“FIVE captains”, according to Unai Emery.
But, it seems, no leaders.
Arsenal’s second half meltdown at Vicarage Road was not fatal, by any means. They even, somehow, walked away with a point. Yet something is significantly awry at the Emirates.
And unless Emery can put it right, quickly, the short-term fury of the travelling fans may turn into a feeling more permanent and damaging.
The manner in which Arsenal were out-run, out-battled, out-fought and out-thought by a Watford side still without a win this season was a reminder of too many Gunners away days over the past few seasons.
Soft mentally. Soft physically. Plain soft.
Instead, they did not so much retreat into their shell, as leave it behind and headed for the hills.
Arsene Wenger’s final days saw fans complaining about what he had allowed his once-formidable side to become.
Supporters yearned for the days of yore, for the likes of Tony Adams, Patrick Vieira, or Thierry Henry. Players capable of taking a game by the scruff of the neck.
It is fair to suggest every team wants players of that calibre. They are not in ready supply.
Emery, though, was supposed to be the man to bring more composure and discipline to Arsenal. Not oversee more of the same.
Those Gunners fans hailing to deadline day capture of David Luiz are now singing a different tune.
Indeed, Arsenal, if anything, appear more liable to make catastrophic defensive blunders this season than last term.
Arsenal have conceded stupid penalties in each of their last three games, Luiz penalised at Liverpool and Watford, with Granit Xhaka stupidly ploughing through Heung-Min Son in the North London derby.
Those are the sort of mind-freezes that really hurt a team.
Watford had 31 shots on goal, 10 of them on target.
Indeed, according to the latest statistics, the 96 efforts on Bernd Leno’s goal in the first five matches of the season is the most faced by ANY team in the Big Five leagues.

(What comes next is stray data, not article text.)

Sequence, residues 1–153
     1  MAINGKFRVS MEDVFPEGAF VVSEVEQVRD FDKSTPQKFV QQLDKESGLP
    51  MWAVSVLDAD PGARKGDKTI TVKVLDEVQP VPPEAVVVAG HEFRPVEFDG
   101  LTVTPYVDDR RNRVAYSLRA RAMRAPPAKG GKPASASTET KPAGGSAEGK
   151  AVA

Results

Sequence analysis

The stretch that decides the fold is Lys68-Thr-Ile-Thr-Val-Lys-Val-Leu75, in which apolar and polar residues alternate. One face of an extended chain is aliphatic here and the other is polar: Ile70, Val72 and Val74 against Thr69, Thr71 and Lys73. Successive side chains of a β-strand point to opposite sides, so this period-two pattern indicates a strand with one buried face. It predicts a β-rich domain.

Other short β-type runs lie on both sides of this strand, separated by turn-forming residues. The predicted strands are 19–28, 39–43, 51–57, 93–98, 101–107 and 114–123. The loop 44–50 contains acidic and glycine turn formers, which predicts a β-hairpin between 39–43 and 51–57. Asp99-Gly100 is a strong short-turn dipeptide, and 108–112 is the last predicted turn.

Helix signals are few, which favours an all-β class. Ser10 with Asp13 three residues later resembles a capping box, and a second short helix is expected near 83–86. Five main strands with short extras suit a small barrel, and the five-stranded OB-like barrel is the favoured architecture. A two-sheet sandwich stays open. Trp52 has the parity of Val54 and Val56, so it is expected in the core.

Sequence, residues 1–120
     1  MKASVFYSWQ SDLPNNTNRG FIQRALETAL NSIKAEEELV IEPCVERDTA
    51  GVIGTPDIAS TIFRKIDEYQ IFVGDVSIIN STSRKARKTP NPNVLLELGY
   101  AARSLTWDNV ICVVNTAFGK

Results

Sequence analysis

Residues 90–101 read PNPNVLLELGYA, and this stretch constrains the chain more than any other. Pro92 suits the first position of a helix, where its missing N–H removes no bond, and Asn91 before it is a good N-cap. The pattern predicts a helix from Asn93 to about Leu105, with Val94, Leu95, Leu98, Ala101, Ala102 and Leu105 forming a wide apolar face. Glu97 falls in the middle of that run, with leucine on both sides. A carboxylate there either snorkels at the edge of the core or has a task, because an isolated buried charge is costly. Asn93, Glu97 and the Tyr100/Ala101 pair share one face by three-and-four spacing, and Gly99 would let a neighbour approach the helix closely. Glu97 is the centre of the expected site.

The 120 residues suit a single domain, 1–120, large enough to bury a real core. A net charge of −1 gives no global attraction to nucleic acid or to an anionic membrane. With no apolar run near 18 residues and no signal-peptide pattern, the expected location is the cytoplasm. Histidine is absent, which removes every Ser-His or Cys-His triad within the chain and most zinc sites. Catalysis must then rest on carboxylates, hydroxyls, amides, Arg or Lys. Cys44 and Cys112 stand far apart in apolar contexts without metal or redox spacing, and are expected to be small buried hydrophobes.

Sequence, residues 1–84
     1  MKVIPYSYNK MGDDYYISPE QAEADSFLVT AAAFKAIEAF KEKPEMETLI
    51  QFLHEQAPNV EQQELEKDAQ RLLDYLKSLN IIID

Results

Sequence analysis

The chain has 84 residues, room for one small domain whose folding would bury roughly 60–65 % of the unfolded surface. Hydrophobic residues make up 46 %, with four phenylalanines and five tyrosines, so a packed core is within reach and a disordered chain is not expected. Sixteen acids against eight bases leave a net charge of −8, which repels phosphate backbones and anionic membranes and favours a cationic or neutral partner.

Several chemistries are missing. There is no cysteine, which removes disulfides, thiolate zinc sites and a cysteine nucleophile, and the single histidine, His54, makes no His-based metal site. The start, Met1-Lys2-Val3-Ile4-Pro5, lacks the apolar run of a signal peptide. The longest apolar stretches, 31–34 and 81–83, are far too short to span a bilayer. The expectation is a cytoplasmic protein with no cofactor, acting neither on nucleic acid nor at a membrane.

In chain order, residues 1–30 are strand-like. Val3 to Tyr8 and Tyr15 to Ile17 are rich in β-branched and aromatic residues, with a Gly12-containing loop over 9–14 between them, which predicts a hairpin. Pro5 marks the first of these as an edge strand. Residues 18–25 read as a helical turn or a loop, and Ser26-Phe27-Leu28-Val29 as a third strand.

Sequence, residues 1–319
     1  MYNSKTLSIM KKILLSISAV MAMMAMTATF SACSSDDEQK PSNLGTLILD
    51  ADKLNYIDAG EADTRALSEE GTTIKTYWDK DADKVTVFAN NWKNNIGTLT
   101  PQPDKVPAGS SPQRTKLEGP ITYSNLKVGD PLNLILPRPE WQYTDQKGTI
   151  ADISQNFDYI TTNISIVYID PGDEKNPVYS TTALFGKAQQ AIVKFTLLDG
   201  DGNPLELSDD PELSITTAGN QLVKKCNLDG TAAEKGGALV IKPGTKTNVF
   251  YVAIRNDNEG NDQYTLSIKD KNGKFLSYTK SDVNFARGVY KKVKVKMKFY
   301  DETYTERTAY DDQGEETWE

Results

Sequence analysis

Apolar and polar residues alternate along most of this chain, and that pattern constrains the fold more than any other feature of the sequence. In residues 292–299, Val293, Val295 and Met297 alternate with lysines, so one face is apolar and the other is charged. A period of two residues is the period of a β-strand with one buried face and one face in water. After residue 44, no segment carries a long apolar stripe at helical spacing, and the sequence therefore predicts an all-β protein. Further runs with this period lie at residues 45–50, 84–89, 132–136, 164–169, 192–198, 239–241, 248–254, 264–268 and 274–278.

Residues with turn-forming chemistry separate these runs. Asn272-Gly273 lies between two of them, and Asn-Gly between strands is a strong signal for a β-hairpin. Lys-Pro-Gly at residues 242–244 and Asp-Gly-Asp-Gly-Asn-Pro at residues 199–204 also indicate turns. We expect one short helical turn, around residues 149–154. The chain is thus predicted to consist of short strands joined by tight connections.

That includes such giants as French Ligue 1 basement side Dijon, pointless Leganes in Spain and Paderborn in Germany.
If you then add in Arsenal’s staggering failure to learn from the mistake that cost Manchester City so dear at Norwich 24 hours earlier and a midfield that simply went missing in action, you get another defensive debacle.
What frustrated so many Gooners was that Arsenal had demonstrated their inability to play through a press at Anfield last month.
A wise man once suggested the first sign of madness was doing the same thing over and over again and expecting different results. In which case, Emery’s footballing sanity might need questioning.
But once Watford were back in the game, Emery needed a response.
So what about those “five captains” that Emery spoke about naming last week?
Xhaka, presumably, is one of them. After all, he was wearing the armband at Watford. He put it on okay, so that’s a positive. Just the only one.
Who else, then? Mesut Ozil, maybe. After all, he is on £350,000 per week. And, one delightful through-ball to Ainsley Maitland-Niles for Aubameyang’s second, contributed the square root of next to nothing.
Maybe not. So, who?
Laurent Koscielny and Aaron Ramsey have left the building, Petr Cech, too. And Nacho Monreal.
Possibly Emery is thinking of Hector Bellerin or Rob Holding. Both still out. Both badly missed.
Indeed, with Bellerin, Holding and summer signing Kieran Tierney – still to make his debut after his move from Celtic – all in the side, Arsenal might look a better unit.
Or Lucas Torreira, although the Uruguayan was overlooked when Emery made his changes, instead sending on Joe Willock and Reiss Nelson – and leaving his team appearing even more unbalanced.
Surely not Sokratis or Matteo Guendouzi. So possibly reward for Alexandre Lacazette deciding to stay when siren voices from Europe attempted to entice him back over the Channel this summer.
Of course, it is only five games.
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Despite the desperate performance, and three games without a win, Arsenal are level on points with Spurs, United and Chelsea, the teams they expect to be competing with for top four slots.
And yet, while there are grumbles and doubts, worries and concerns, at Old Trafford, Stamford Bridge and the other end of the Seven Sisters Road too, they always seem deeper and more complex at Arsenal.
The last days of Wenger brought a sense of gloom and foreboding that Emery has not been able to banish yet.
More displays like Sunday’s second half, and it could start to get very messy.
Doubt does not always arrive with a fanfare. But it can grip with constricting, damaging force. And it does not leave quietly, either.